The female will enter this nest and close up the entrance with mud, droppings and fruit pulp. The males will sometimes help with this process too. The entrance to the nest will then be almost completely closed, except for the tiny space for the male to transfer food to the female and later on, the chicks. The female will then start to loose all her feathers and then regrow them again. This is a very dangerous time for this mother bird as she is not able to fly.  While their breeding behaviour is special to see, they are fascinating to watch throughout the year. 

Natal Spurfowl

Heralds of the dawn and dusk  and our familiar friends; we love the Natal spurfowl that wander around Ubuntu Luxury Villa. 

These birds are a quintessential South African species. They call at dusk and dawn with a harsh, strident crowing ‘chackkity chackkity’, which becomes a louder ‘kacheeky kacheeky’ which slows down and then fades away.  Once you hear it, you won’t easily forget it and we’ve grown to love the familiar sound of the bush’s own alarm clock. 

They tend to congregate in pairs and small groups  of up to 10 birds. Their gorgeous markings and curious, relaxed temperaments make them a joy to photograph. Like hornbills, they are easily habituated to humans and seem to be happy living in close proximity to the villa. They can even be quite cheeky!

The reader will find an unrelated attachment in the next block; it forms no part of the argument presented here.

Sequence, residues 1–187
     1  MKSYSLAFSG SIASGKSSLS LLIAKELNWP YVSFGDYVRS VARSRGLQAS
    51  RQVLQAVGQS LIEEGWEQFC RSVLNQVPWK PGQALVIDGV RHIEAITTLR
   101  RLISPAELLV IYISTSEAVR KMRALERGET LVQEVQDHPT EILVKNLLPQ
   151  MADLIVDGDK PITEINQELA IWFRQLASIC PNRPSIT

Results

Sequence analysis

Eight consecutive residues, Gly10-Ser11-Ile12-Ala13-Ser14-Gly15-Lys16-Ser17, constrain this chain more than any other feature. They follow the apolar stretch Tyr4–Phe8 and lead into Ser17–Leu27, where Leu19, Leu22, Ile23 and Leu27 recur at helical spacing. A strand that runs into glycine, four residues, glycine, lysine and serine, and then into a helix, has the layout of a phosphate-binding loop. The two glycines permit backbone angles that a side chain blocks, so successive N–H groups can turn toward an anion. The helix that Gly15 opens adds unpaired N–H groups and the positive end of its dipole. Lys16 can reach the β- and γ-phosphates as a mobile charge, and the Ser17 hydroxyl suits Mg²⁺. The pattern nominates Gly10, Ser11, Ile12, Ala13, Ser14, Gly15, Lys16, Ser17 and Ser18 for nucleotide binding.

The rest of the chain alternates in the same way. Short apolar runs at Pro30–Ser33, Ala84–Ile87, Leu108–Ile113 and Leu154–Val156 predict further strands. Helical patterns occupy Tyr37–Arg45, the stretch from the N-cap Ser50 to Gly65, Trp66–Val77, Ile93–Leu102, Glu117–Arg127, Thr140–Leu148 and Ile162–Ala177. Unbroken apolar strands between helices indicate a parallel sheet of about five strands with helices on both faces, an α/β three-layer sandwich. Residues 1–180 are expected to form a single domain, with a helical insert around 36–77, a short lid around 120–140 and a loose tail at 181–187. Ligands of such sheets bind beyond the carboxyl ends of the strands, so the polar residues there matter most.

When surprised,  they tend to scatter, but do not fly far. On landing, they run into dense cover. They’re often seen on the roads, pecking around for seeds and insects, so be careful to look out for them while driving – some people call the suicide birds. 

Breeding season is mainly in the midsummer, when they lay five to eight creamy-yellowish eggs in a nest which is a scrape on the ground, lined with roots and grass stalks. Seeing them with their babies waddling behind them after a successful season, is always a treat.

Of course, there are also zebras, impalas, kudus, all the night animals like genets, civets and porcupines, as well as mongooses and rodents, not to mention the snakes, other reptiles and birds on the Hoedspruit Wildlife Estate! You can see all of these around the villa if you’re lucky and observant.  We love them all and appreciate the effort that goes into managing the estate and ensuring our wildlife are happy and healthy. How great that we can share this with you when you book to stay at Ubuntu Luxury Villa.